Please see the update, below.

I am working with embeddings and wanted to see how feasible it is to predict some scores attached to some sequences of words. The details of the scores are not important.

Input (tokenized sentence): ('the', 'dog', 'ate', 'the', 'apple')
Output (float): 0.25

I have been following this tutorial which tries to predict part-of-speech tags of such input. In such case, the output of the system is a distribution of all possible tags for all tokens in the sequence, e.g. for three possible POS classes {'DET': 0, 'NN': 1, 'V': 2}, the output for ('the', 'dog', 'ate', 'the', 'apple') could be

tensor([[-0.0858, -2.9355, -3.5374],
        [-5.2313, -0.0234, -4.0314],
        [-3.9098, -4.1279, -0.0368],
        [-0.0187, -4.7809, -4.5960],
        [-5.8170, -0.0183, -4.1879]])

Each row is a token, the index of the highest value in a token is the best predicted POS tag.

I understand this example relatively well, so I wanted to adapt it to a regression problem. The full code is below, but I am trying to make sense of the output.

import torch
import torch.nn as nn
import torch.nn.functional as F
import torch.optim as optim


class LSTMRegressor(nn.Module):
    def __init__(self, embedding_dim, hidden_dim, vocab_size):
        super(LSTMRegressor, self).__init__()
        self.hidden_dim = hidden_dim

        self.word_embeddings = nn.Embedding(vocab_size, embedding_dim)

        # The LSTM takes word embeddings as inputs, and outputs hidden states
        # with dimensionality hidden_dim.
        self.lstm = nn.LSTM(embedding_dim, hidden_dim)

        # The linear layer that maps from hidden state space to a single output
        self.linear = nn.Linear(hidden_dim, 1)
        self.hidden = self.init_hidden()

    def init_hidden(self):
        # Before we've done anything, we dont have any hidden state.
        # Refer to the Pytorch documentation to see exactly
        # why they have this dimensionality.
        # The axes semantics are (num_layers, minibatch_size, hidden_dim)
        return (torch.zeros(1, 1, self.hidden_dim),
                torch.zeros(1, 1, self.hidden_dim))

    def forward(self, sentence):
        embeds = self.word_embeddings(sentence)

        lstm_out, self.hidden = self.lstm(embeds.view(len(sentence), 1, -1), self.hidden)
        regression = F.relu(self.linear(lstm_out.view(len(sentence), -1)))

        return regression

def prepare_sequence(seq, to_ix):
    idxs = [to_ix[w] for w in seq]
    return torch.tensor(idxs, dtype=torch.long)

# ================================================

training_data = [
    ("the dog ate the apple".split(), 0.25),
    ("everybody read that book".split(), 0.78)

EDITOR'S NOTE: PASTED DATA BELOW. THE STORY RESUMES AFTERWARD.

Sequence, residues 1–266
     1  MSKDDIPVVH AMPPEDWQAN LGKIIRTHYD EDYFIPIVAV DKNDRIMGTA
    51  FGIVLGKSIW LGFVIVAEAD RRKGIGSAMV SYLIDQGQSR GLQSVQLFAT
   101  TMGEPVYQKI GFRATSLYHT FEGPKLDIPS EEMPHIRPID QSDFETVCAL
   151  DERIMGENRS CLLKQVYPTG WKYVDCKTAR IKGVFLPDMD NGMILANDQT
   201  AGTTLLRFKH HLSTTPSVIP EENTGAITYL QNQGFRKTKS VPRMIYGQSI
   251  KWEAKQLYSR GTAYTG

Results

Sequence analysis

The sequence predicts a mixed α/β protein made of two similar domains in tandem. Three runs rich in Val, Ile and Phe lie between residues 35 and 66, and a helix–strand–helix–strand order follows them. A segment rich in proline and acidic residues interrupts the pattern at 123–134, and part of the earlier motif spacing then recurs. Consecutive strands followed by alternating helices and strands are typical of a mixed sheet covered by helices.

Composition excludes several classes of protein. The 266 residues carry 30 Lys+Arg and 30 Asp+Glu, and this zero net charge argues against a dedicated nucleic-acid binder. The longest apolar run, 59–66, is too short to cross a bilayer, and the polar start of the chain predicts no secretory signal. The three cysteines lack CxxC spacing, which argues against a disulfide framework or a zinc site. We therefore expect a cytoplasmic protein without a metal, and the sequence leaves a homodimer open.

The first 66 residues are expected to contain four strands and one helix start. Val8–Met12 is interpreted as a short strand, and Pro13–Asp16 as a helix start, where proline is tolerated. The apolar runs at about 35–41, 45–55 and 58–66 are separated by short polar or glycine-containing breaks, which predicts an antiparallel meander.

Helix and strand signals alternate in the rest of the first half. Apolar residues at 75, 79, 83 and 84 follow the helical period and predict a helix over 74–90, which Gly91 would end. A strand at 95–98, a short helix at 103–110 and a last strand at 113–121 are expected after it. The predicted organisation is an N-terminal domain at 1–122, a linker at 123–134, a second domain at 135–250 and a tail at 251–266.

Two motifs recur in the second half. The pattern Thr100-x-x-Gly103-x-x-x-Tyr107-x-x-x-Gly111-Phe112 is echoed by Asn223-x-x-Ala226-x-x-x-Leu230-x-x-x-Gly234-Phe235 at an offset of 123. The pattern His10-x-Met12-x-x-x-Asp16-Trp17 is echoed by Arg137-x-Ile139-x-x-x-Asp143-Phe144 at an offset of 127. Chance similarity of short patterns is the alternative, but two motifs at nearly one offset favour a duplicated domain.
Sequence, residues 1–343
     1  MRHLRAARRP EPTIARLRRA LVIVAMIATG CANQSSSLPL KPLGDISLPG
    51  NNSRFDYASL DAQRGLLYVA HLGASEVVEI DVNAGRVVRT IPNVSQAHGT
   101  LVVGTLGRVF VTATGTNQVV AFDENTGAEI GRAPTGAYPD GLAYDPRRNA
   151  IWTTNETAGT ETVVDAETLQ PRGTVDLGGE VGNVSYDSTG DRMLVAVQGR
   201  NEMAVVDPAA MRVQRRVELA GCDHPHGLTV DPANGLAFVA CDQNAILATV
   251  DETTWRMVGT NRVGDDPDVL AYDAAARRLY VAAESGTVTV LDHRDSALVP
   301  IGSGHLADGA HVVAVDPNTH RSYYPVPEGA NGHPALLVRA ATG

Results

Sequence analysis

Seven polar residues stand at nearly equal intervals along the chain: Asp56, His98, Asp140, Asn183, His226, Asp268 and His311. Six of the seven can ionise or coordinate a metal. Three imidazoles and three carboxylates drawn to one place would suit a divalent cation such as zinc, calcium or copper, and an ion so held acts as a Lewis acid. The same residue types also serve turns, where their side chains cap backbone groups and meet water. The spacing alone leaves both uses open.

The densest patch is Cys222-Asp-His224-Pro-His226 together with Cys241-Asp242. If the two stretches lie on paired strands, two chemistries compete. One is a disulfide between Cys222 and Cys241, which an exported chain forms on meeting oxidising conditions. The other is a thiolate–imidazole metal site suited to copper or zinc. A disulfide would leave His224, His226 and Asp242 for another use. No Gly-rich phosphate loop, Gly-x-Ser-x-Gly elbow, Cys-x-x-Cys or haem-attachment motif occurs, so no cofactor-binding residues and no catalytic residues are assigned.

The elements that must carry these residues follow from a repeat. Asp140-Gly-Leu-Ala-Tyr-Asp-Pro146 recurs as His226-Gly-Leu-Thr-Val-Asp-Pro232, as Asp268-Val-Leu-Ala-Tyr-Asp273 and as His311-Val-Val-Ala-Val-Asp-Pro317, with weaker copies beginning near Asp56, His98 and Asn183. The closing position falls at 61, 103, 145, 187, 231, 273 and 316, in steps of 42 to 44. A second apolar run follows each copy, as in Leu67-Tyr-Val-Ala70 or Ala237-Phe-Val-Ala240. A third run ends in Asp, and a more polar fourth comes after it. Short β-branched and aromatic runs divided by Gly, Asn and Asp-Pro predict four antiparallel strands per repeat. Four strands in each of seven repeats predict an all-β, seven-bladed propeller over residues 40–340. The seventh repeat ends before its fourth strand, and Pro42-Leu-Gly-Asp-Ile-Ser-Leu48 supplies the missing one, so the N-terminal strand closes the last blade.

word_to_ix = {}
for sent, tags in training_data:
    for word in sent:
        if word not in word_to_ix:
            word_to_ix[word] = len(word_to_ix)

tag_to_ix = {"DET": 0, "NN": 1, "V": 2}

# ================================================


model = LSTMRegressor(EMBEDDING_DIM, HIDDEN_DIM, len(word_to_ix))
loss_function = nn.MSELoss()
optimizer = optim.Adam(filter(lambda p: p.requires_grad, model.parameters()))

# See what the results are before training
with torch.no_grad():
    inputs = prepare_sequence(training_data[0][0], word_to_ix)
    regr = model(inputs)


for epoch in range(100):  # again, normally you would NOT do 300 epochs, it is toy data
    for sentence, target in training_data:
        # Step 1. Remember that Pytorch accumulates gradients.
        # We need to clear them out before each instance

        # Also, we need to clear out the hidden state of the LSTM,
        # detaching it from its history on the last instance.
        model.hidden = model.init_hidden()

        # Step 2. Get our inputs ready for the network, that is, turn them into
        # Tensors of word indices.
        sentence_in = prepare_sequence(sentence, word_to_ix)
        target = torch.tensor(target, dtype=torch.float)

        # Step 3. Run our forward pass.
        score = model(sentence_in)

        # Step 4. Compute the loss, gradients, and update the parameters by
        #  calling optimizer.step()
        loss = loss_function(score, target)

# See what the results are after training
with torch.no_grad():
    inputs = prepare_sequence(training_data[0][0], word_to_ix)
    regr = model(inputs)


The output is:

# Before training
# After training

But I don't understand why. I was expecting a single output. The size of the tensor is the same as the number of tokens of the input. I would, then, guess that for each step in the input, the hidden state is given. Is that correct? Does that mean that the last item in the tensor (tensor[-1], or is it the first tensor[0]?) is the final prediction? Why are all outputs given? Or lies my misunderstanding earlier in the forward-pass? Perhaps I should only feed the last item of the LSTM layer to the linear layer?

I am also interested to know how this extrapolates to bidirectional LSTMs and multilayer LSTMs, and even how this would work with GRUs (bidirectional or not).